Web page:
The Bible says, “For God so loved the world that he gave his one and only Son, that whoever believes in him shall not perish but have eternal life” (Jn. 3:16) “But God demonstrates his own love for us in this: While we were still sinners, Christ died for us” (Romans 5:8).
The cross shows how much God hates sin. Some mistake God’s patience with sinful behavior for his approval. God is not willing, however, that any should perish in judgment. He waits and yearns for people to turn away from their sins. Still, the horrific scene on that cross demonstrates God’s anger with every effort to usurp his sovereign authority. It is true that God is a loving God. Nevertheless, the cross reveals God is also just and will deal harshly with those who fail to accept his remedy over their rebellion. We either accept God’s punishment for our sins via Christ on the cross, or face our own punishment.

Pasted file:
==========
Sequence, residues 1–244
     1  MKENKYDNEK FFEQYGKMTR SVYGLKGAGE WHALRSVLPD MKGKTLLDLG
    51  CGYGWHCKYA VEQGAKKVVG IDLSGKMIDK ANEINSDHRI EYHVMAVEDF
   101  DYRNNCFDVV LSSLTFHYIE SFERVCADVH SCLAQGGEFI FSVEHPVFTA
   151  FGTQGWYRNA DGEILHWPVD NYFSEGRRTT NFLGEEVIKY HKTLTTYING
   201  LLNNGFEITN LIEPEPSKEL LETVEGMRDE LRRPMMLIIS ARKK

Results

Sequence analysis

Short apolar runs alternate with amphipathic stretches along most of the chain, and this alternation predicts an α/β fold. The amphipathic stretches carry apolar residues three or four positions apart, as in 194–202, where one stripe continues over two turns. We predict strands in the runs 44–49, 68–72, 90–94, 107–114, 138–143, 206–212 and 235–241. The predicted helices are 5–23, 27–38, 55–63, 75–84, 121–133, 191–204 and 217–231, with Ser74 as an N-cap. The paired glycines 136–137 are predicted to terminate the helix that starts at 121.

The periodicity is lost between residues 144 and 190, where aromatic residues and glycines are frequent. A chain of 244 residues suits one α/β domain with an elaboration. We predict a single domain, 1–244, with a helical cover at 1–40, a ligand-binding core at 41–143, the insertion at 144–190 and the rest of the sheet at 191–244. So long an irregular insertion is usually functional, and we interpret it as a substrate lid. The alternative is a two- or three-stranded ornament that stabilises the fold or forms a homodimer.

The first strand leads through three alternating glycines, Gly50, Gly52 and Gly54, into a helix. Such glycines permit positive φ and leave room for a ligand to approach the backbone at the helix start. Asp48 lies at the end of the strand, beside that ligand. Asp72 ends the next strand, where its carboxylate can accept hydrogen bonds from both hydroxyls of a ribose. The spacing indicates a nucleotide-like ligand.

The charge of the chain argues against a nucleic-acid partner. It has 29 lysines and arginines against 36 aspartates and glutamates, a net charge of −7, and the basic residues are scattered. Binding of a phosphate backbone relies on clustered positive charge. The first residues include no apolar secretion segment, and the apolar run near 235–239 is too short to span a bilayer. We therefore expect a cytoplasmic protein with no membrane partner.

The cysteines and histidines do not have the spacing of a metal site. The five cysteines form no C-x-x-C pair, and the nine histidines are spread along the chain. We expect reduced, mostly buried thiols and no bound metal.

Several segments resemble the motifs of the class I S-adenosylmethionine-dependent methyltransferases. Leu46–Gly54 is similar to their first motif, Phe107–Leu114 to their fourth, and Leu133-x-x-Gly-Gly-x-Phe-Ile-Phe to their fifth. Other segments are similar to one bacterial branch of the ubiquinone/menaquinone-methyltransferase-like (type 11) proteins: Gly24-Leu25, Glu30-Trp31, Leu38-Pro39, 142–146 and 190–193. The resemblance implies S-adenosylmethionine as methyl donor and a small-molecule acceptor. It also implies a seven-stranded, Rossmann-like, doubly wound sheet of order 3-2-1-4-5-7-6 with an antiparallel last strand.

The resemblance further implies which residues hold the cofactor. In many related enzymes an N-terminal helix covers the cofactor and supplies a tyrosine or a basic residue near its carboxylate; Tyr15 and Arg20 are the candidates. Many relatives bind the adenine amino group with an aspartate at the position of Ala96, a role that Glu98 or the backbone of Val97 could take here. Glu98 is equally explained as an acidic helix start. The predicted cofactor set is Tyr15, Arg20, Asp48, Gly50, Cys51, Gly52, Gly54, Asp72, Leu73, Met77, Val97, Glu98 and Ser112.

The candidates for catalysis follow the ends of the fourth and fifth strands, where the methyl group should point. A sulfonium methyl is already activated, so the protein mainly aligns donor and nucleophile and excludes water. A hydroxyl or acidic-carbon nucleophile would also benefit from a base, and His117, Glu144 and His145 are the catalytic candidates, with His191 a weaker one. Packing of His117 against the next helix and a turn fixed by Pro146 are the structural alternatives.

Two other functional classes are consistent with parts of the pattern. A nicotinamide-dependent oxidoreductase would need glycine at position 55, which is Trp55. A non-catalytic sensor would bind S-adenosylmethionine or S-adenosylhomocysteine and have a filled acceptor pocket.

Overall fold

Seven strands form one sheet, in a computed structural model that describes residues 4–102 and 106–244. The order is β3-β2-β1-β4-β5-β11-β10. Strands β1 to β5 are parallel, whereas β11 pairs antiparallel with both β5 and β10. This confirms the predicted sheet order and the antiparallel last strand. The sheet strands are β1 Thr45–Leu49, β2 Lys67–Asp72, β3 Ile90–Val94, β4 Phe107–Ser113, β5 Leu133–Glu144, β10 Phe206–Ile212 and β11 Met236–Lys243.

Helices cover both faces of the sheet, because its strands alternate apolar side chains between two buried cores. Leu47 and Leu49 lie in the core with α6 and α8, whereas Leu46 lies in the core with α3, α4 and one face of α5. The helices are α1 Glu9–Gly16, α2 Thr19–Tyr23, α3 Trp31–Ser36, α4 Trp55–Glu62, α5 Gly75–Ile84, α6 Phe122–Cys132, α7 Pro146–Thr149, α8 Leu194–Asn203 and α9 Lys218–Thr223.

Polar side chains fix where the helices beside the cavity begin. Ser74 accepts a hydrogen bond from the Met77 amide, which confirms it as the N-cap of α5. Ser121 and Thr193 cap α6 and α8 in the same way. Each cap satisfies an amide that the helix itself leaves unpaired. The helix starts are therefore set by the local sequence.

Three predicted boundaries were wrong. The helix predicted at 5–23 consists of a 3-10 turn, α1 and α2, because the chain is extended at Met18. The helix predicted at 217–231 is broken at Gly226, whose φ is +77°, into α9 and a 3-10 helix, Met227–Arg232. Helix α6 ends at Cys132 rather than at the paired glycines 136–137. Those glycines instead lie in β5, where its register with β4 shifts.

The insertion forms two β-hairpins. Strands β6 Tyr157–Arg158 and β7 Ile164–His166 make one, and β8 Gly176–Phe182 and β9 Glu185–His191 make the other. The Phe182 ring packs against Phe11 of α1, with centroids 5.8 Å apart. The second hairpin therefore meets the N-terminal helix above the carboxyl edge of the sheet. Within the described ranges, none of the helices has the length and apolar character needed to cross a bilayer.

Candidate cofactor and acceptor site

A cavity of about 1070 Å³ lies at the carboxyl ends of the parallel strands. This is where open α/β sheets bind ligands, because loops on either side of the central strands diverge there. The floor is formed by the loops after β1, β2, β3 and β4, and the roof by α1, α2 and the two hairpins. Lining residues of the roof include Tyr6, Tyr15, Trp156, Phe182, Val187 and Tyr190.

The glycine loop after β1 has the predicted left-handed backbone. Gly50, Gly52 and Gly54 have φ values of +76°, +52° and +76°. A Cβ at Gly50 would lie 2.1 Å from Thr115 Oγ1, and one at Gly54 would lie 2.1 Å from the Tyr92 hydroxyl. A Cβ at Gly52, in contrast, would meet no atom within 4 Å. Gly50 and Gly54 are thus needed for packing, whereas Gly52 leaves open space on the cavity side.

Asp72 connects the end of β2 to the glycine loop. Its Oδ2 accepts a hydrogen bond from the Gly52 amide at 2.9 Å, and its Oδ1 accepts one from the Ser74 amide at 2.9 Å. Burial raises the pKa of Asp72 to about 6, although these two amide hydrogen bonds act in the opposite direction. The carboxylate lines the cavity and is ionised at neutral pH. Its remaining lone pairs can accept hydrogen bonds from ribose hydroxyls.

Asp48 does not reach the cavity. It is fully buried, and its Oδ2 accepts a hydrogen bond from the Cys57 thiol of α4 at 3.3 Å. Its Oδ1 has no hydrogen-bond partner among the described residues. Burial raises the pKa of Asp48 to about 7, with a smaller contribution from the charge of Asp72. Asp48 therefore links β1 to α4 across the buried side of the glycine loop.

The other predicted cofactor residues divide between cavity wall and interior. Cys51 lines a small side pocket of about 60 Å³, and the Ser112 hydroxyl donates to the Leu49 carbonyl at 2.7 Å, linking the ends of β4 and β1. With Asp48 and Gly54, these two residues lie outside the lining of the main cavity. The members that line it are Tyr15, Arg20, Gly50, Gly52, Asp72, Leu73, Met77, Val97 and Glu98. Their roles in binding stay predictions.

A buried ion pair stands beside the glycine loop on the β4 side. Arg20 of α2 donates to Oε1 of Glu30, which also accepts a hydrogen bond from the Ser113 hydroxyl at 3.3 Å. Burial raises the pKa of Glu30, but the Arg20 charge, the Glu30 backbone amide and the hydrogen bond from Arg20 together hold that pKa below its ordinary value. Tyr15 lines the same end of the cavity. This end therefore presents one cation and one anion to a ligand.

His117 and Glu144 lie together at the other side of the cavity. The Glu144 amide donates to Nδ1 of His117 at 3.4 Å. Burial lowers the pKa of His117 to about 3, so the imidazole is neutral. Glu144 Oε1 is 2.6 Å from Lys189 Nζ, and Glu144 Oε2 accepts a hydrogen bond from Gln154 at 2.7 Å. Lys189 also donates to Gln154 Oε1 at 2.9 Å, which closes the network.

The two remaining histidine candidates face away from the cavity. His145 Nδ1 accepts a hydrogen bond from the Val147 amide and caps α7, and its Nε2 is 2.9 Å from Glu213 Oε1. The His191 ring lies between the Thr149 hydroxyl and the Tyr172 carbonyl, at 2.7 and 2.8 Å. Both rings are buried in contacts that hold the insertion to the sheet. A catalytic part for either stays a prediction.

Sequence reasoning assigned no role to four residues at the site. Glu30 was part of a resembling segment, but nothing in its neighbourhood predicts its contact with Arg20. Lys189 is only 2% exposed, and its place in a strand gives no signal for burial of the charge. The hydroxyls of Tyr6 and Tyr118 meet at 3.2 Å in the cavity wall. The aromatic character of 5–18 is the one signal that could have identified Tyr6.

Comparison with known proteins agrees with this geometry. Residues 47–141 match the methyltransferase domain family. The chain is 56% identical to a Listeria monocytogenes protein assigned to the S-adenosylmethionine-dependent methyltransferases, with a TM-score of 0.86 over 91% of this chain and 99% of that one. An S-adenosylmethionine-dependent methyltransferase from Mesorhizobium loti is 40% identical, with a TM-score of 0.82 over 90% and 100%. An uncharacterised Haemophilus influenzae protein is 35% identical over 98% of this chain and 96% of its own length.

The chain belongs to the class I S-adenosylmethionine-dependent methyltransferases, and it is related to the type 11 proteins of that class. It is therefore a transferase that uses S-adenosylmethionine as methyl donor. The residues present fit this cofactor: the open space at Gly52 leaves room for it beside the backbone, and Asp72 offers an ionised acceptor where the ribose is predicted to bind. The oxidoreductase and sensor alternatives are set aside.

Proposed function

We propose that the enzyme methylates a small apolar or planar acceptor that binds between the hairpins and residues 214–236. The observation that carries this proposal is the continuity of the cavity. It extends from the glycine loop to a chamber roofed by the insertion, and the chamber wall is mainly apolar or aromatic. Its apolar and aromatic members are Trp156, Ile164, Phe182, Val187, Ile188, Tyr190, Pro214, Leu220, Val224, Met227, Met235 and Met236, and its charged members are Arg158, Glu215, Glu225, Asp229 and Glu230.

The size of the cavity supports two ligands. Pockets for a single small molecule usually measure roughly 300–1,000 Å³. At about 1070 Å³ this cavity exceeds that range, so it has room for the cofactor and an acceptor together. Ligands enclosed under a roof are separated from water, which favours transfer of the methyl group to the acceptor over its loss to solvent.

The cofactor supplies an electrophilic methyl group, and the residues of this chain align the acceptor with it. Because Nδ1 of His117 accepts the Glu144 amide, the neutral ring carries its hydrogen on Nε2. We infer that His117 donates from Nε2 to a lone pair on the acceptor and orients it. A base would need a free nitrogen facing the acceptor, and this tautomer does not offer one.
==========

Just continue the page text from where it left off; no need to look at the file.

The Bible says, “The Lord does not delay His promise, as some understand delay, but is patient with you, not wanting any to perish but all to come to repentance” (II Peter 3:9). “God is a righteous judge, and a God who is indignant all the day” (Psalm 7:11). “Do not be deceived, God is not mocked; for whatever a man sows, this he will also reap” (Gal. 6:7).
The cross speaks of the putting away of guilt. Recently, a young woman who was a waitress in a restaurant confided in me that she had made a number of grievous errors in life. She said she had asked God for forgiveness, but she still felt guilty. I encouraged her to look to the cross every time she felt the sting of guilt, and then to tell herself, every one of my sins died with Jesus on that cross – my shame and guilt were put away there. Suddenly, her face beamed with misty eyes as she embraced the joy of knowing that because of the cross her reproach was already gone.
The Bible says, “There is therefore now no condemnation to them that are in Christ Jesus” (Rom. 8:1).